For 24/7 mental health support in English or Spanish, call the Substance Abuse and Mental Health Services Administration’s free help line at 800-662-4357. You can also reach a trained crisis counselor through the National Suicide Prevention Lifeline by calling or texting 988, or you can reach the Crisis Text Line by texting “HOME” to 741741.
Every month, independent investigators visit the five juvenile prisons in Texas to evaluate how each is doing its job, and whether the children in their care are being well treated.
The continuing chaos within the agency, which worsened after a surge of employees quit following the pandemic, has led to children being locked in their cells for most of the day. The trend has coincided with a spike in suicidal behavior and overall distress among detained youths.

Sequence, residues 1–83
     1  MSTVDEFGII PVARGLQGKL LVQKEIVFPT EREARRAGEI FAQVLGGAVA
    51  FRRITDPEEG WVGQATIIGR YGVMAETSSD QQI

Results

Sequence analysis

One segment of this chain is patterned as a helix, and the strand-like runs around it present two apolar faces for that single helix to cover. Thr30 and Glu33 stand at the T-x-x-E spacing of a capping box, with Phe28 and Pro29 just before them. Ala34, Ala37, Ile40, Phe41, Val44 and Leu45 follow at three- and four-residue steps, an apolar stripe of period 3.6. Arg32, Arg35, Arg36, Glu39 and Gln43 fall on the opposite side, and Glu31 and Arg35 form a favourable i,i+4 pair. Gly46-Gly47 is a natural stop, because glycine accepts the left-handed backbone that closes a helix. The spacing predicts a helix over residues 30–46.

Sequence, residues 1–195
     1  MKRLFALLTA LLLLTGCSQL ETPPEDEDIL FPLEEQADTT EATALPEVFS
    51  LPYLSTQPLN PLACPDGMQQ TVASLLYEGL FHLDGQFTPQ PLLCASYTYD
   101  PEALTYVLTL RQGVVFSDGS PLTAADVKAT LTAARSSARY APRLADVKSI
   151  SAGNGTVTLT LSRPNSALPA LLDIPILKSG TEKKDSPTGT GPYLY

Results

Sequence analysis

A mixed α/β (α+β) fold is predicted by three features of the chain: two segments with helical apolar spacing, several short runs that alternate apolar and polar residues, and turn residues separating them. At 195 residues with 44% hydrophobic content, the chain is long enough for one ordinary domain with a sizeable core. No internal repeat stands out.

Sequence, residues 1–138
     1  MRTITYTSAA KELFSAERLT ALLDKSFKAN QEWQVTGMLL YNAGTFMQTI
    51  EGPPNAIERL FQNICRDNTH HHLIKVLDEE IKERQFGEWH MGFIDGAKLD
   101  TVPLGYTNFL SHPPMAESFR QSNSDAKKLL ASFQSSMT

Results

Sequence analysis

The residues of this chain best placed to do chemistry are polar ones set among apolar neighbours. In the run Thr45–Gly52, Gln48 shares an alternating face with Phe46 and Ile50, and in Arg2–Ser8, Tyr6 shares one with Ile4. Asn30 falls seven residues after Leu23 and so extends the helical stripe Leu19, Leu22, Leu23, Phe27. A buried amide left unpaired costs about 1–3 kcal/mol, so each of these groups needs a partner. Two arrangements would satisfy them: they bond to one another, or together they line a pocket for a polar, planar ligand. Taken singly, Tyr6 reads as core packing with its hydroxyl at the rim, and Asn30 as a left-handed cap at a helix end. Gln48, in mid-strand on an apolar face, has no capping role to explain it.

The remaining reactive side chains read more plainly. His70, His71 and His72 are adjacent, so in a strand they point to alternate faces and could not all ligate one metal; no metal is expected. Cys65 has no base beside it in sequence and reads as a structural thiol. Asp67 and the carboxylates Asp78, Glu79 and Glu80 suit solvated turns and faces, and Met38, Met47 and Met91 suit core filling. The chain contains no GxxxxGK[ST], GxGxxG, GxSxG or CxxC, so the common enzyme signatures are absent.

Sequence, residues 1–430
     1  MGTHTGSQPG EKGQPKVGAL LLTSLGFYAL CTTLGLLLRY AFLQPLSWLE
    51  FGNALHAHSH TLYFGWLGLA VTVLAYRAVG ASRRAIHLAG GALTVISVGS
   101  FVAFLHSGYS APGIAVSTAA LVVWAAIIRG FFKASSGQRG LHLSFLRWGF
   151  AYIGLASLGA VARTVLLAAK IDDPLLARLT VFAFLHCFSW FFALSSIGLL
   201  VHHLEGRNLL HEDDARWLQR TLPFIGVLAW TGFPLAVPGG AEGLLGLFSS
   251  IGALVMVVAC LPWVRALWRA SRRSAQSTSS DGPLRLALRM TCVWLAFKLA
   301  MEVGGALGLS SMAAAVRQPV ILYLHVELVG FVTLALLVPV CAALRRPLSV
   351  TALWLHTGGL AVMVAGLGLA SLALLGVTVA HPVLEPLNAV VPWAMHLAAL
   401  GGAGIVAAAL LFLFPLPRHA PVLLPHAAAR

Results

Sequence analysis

The Texas Tribune reviewed six months of these site visit reports by the Independent Ombudsman for the Texas Juvenile Justice System, spanning November 2021 to April 2022.
Between the lines of dense bureaucratese that typify such reports can be found the stories of individual teenagers whose actions depict the desperation, violence and lack of supervision that plague the state facilities.
Below are notable excerpts from these audits, with reported responses from TJJD officials and Texas Tribune annotations.
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